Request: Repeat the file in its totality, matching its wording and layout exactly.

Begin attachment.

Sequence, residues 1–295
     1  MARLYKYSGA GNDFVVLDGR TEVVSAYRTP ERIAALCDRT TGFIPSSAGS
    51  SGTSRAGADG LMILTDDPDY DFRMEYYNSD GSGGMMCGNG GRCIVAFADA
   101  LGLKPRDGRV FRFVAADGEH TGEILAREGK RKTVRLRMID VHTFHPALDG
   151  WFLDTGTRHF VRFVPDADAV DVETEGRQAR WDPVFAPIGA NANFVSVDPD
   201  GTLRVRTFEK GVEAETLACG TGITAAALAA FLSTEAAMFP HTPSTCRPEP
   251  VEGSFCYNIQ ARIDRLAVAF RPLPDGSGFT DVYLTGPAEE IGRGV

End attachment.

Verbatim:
Sequence, residues 1–295
     1  MARLYKYSGA GNDFVVLDGR TEVVSAYRTP ERIAALCDRT TGFIPSSAGS
    51  SGTSRAGADG LMILTDDPDY DFRMEYYNSD GSGGMMCGNG GRCIVAFADA
   101  LGLKPRDGRV FRFVAADGEH TGEILAREGK RKTVRLRMID VHTFHPALDG
   151  WFLDTGTRHF VRFVPDADAV DVETEGRQAR WDPVFAPIGA NANFVSVDPD
   201  GTLRVRTFEK GVEAETLACG TGITAAALAA FLSTEAAMFP HTPSTCRPEP
   251  VEGSFCYNIQ ARIDRLAVAF RPLPDGSGFT DVYLTGPAEE IGRGV